On July 24, a wildfire broke out in the village of Santu Lussurgiu, in the western Sardinian province of Oristano.
For three days, the flames, driven by a strong Scirocco wind (blowing from the southeast), spread through a vast zone in the central-western part of the island. The blaze reached the area of Montiferru and Planargia, enveloping 14 municipalities and damaging olive groves across two regions.
If it were possible to summarize the catastrophe that affected this territory, I think it could be well represented by the martyrdom of the olive tree of Sa Tanca Manna.
The fire has been put out thanks to a large deployment of forces: 7,500 members of the forestry corps, firefighters, civil protection, Carabinieri, state police, the Italian Red Cross, the regional agency Forestas and volunteers were supported by a fleet of 24 aircraft, including 13 helicopters and 11 Canadair.
About 20,000 hectares of land including houses, farms and woods were devastated by fire. While an incalculable wealth of wildlife, livestock, Mediterranean bush and cultivated fields went up in smoke, almost 1,500 people were temporarily evacuated.See Also:Olive Oil One Factor in Extraordinary Longevity of Some Sardinian Residents
The Oristano prosecutor opened a case against unknown persons for aggravated arson.
“In the municipality of Cuglieri, at least 90 percent of the olive groves has been destroyed,” the Council of the National Order of Agronomists and Doctors of Forestry (Conaf) said in a press release: “In the Municipality of Sennariolo, 95 percents of the surfaces are burnt.”
Among the many plants affected is the thousand-year-old monumental wild olive tree (Olea europaea oleaster) of Sa Tanca Manna, an area near Cuglieri. Registered in the list of monumental trees of the Ministery of Agriculture, before the disaster it was 16.5 meters tall and had a circumference of 10 meters.
“If it were possible to summarize the catastrophe that affected this territory, I think it could be well represented by the martyrdom of the olive tree of Sa Tanca Manna,” Maria Giovanna Campus, an archaeologist and former coordinator of the regional landscape protection office, told Olive Oil Times.
“We had recognized its value and beauty declaring it a natural monument and, therefore, we worked for its valorization and proudly signaled its presence to the numerous visitors. Sadly, it ended up in smoke and ashes,” she added.
It will take several decades to restore the conditions and fertility of the soil and to recover the ecosystem balance and the complexity of the Mediterranean scrub, according to Conaf.
“Fire prevention plans coordinated with the correct territorial planning of Mediterranean scrub wooded areas are urgently needed,” said Sabrina Diamanti, the organization’s president. “It is necessary to encourage the protection of the territory and discourage the abandonment of the forest, reminding farmers of their role as sentinels, allowing them to carry out rural and livestock activities peacefully, including grazing in the woods.”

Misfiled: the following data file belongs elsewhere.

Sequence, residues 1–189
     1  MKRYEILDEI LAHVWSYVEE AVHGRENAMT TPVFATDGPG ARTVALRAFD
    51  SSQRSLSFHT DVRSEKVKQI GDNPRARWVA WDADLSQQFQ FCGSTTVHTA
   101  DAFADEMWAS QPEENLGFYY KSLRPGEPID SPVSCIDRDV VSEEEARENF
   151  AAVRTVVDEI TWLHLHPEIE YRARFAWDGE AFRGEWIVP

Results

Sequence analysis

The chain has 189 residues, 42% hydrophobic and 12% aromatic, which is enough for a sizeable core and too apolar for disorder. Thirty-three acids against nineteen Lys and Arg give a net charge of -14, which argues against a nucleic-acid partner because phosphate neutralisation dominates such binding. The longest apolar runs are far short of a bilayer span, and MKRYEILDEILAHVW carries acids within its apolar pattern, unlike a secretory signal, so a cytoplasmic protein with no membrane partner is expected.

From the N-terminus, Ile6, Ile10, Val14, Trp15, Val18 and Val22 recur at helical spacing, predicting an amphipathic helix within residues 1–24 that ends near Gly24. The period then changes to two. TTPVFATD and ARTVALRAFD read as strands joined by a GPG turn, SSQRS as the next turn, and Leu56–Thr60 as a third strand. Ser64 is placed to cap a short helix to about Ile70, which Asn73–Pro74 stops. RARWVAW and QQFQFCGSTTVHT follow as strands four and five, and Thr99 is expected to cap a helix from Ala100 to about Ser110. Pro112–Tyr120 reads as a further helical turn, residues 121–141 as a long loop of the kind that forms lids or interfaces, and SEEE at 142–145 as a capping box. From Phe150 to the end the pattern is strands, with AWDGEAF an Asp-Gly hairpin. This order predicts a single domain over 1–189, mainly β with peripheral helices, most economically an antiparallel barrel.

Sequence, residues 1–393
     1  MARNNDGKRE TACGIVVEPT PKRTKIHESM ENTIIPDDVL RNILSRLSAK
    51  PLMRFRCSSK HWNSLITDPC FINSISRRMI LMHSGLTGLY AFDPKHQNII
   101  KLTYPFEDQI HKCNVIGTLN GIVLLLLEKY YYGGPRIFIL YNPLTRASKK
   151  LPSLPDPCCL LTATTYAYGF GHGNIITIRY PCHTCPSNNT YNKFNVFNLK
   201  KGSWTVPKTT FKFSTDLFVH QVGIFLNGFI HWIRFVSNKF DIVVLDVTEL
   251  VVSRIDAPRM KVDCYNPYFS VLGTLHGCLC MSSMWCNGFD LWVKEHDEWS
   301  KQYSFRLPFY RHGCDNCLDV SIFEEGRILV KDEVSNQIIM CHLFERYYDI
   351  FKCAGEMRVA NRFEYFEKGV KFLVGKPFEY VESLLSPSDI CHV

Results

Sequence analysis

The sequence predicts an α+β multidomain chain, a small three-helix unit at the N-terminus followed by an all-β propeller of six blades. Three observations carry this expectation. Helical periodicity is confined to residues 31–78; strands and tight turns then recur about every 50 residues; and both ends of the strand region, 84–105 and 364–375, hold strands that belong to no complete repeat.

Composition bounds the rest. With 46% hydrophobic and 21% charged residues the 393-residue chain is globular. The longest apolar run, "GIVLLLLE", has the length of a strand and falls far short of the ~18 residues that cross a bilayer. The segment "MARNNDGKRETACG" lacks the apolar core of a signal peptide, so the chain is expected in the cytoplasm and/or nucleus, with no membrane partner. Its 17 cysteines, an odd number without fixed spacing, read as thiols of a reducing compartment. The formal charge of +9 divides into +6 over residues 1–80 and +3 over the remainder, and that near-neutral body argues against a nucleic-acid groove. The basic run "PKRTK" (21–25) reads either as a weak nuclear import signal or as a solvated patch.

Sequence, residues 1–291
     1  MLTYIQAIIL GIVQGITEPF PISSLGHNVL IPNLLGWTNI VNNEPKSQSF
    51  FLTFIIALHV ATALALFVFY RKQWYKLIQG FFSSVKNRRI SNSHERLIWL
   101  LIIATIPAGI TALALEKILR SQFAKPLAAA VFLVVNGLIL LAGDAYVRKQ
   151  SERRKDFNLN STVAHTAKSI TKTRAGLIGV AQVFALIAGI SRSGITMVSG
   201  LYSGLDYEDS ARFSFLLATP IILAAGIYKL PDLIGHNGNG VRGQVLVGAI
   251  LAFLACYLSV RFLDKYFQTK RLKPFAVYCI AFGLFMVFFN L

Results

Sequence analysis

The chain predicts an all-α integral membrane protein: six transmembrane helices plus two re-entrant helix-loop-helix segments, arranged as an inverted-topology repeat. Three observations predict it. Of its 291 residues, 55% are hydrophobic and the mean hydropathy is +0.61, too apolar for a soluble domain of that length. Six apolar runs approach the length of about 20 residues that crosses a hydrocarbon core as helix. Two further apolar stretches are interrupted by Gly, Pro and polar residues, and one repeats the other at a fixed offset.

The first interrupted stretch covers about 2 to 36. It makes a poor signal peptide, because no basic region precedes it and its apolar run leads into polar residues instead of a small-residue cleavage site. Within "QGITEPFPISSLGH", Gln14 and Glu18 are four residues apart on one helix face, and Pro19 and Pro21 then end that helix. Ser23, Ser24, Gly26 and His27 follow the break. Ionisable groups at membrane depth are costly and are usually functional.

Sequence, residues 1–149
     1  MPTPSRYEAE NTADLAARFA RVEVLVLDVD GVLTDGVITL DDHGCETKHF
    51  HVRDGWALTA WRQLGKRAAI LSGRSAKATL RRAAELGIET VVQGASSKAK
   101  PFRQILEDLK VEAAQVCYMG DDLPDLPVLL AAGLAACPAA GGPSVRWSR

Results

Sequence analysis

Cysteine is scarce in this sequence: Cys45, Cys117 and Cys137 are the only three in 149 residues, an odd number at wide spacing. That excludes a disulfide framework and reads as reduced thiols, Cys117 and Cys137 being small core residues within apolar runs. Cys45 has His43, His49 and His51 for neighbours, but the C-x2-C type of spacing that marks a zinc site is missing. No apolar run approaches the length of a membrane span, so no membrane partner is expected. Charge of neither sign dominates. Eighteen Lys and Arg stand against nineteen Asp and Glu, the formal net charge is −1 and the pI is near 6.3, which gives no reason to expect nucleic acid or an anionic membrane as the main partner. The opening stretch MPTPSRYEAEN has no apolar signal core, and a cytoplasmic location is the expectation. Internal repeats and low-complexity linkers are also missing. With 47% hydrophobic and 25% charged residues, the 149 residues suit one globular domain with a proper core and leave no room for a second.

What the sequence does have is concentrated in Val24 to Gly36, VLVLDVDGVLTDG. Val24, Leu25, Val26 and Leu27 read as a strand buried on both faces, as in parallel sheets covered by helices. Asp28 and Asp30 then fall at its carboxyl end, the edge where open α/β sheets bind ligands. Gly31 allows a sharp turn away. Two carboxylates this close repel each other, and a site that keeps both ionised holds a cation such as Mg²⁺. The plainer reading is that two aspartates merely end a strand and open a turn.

“These are interventions that can be done with reasoning and scientific knowledge,” she added. “Therefore, we make available our skills and in-depth knowledge of the territory to prevent these disasters.”
As soon as the situation allowed, botanist Ignazio Camarda led the operations to save the patriarch of Sa Tanca Manna.
“A small portion of the basal part of the trunk seems less impaired… We asked for the intervention of the firefighters, who directed a jet of water on the part that we think (we hope) is still vital,” he wrote on Facebook.
The Casteddu online newspaper reported that, according to botanist Gianluigi Bacchetta, the patriarch tree may be able to survive.
“It will remain mutilated and reduced to a minimum,” he said. “But the left side still seems vital, also thanks to the providential intervention of the firefighters.”
The Sardinian farmers say they are ready and committed to restore their land and replant the trees.
“They have not lost heart,” Campus told Olive Oil Times after visiting some olive growers in Cuglieri. “These diligent, hard-working men and women will make every effort to repair the damage, and we are all confident that the institutions too will be quick to respond and do their part.”
“In the meantime, we need to understand the importance of good agricultural practices as key element in protecting and preserving these living monuments,” he added.